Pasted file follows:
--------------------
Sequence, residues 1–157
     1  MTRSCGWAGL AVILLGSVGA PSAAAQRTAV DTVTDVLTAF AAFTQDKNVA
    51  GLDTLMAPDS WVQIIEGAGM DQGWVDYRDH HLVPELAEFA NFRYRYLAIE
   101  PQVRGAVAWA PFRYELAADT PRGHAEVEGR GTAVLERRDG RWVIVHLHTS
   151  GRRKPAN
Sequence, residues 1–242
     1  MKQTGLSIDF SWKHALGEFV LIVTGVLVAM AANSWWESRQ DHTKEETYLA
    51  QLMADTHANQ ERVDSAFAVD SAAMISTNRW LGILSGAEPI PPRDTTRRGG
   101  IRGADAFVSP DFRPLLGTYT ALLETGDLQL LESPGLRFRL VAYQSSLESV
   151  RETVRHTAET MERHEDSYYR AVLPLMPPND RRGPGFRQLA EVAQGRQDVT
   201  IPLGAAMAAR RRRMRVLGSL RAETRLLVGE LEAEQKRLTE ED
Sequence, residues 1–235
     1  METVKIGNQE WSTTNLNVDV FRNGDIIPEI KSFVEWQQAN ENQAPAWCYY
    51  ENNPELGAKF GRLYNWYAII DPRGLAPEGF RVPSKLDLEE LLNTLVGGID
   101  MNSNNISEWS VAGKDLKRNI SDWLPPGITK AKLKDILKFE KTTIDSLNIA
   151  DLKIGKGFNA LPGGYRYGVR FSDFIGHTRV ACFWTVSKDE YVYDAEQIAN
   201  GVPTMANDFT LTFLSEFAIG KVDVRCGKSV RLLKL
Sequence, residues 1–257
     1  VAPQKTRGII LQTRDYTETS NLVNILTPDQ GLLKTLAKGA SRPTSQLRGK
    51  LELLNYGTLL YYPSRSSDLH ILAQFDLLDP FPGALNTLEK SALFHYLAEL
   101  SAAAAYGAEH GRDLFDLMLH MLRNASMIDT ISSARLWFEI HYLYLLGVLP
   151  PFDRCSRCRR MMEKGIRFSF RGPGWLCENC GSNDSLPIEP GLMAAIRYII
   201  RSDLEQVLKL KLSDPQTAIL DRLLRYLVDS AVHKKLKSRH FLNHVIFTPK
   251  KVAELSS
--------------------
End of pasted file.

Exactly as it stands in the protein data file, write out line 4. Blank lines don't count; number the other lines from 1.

   101  PQVRGAVAWA PFRYELAADT PRGHAEVEGR GTAVLERRDG RWVIVHLHTS